About Breast Cancer in Men

This information explains breast cancer in men, including risk factors, prevention, symptoms, and diagnosis.

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About Breast Cancer in Men

While breast cancer is more common in women, it can also affect men. About 1 in 1,000 men in the United States will get breast cancer during their lifetime.

Breast cancer in men is more likely to be cured if it is found early. But many men don’t realize that they can get breast cancer so they don’t always notice the signs or only see their doctor when the lumps have gotten large. If you notice a lump or any other changes to your breast, call your doctor right away.

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Risk Factors of Breast Cancer in Men

The most common risk factors associated with breast cancer in men include:

  • Getting older
  • Family history of breast cancer
  • Inherited gene mutations, most commonly a BRCA2 mutation
  • Having higher levels of the female hormone estrogen, lower levels of male androgen hormones (such as testosterone), or both
    • Obesity can cause an increase in the production of estrogen.
    • Having severe liver disease can cause low levels of androgens and higher levels of estrogen.
    • Having prostate cancer treated with estrogen-related hormonal therapies can increase your estrogen levels.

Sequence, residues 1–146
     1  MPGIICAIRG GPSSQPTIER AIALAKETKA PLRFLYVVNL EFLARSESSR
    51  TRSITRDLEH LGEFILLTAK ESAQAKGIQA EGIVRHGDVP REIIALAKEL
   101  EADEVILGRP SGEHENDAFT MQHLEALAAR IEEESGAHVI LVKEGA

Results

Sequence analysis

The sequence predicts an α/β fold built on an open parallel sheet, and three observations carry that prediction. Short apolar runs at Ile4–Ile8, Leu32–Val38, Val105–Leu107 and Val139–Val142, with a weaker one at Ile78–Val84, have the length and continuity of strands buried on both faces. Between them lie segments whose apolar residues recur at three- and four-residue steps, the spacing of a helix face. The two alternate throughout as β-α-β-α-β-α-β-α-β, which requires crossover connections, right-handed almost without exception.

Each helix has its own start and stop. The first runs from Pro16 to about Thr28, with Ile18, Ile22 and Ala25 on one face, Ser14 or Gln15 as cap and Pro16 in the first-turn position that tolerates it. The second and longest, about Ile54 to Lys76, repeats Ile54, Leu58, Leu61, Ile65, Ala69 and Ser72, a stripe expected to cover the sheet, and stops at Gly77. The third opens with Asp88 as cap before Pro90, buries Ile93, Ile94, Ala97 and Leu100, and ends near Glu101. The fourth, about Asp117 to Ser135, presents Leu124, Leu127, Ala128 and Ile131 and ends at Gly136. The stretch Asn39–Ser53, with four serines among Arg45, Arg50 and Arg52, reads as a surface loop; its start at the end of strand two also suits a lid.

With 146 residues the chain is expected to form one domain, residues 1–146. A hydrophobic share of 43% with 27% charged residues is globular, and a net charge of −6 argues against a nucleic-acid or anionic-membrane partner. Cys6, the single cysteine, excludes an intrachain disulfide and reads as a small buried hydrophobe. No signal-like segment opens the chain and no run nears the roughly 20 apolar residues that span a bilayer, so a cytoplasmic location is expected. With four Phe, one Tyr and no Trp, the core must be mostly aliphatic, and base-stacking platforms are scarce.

• Klinefelter syndrome, which is a rare condition you’re born with, can lower your testosterone levels.
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Preventing Breast Cancer in Men

There are a few lifestyle changes you can make to lower your risk of getting breast cancer, including:

  • Reaching and maintaining a healthy body weight
  • Exercising regularly
  • Limiting alcohol use to no more than 2 drinks per day
    • One serving is equal to a 5-ounce glass of wine, 12 ounces of beer, or 1.5 ounces of liquor
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Symptoms of Breast Cancer in Men

The most common symptom of breast cancer in men is a lump or swelling that can be felt in the breast. These lumps are usually painless.

Other signs include:

  • Nipple retraction (when the nipple is flat)
  • Nipple inversion (when the nipple is turned inward)
  • Discharge (fluid coming from the nipple)
  • Redness or scaling of the nipple or breast skin
  • Dimpled breast skin

Most of the time, these are due to noncancerous conditions, such as an infection or gynecomastia (a harmless swelling of breast tissue). However, it’s very important for you to call your doctor as soon as you notice any changes in your breast.

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Diagnosing Breast Cancer in Men

Breast cancer is diagnosed in the same way for everyone. Your doctor will first do a breast exam and let you know if you need any additional testing.

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Additional Resources

American Cancer Society (ACS)

Provides detailed information about male breast cancer.

His Breast Cancer Awareness

Offers education and information on male breast cancer.

Male Breast Cancer Coalition

Patient advocacy organization that educates about male breast cancer.

Susan G. Komen

Provides information and support services for men with breast cancer.

800-813-HOPE (800-813-4673)

National nonprofit organization that helps people with cancer and their caregivers through counseling, education, information, referrals, and direct financial assistance.

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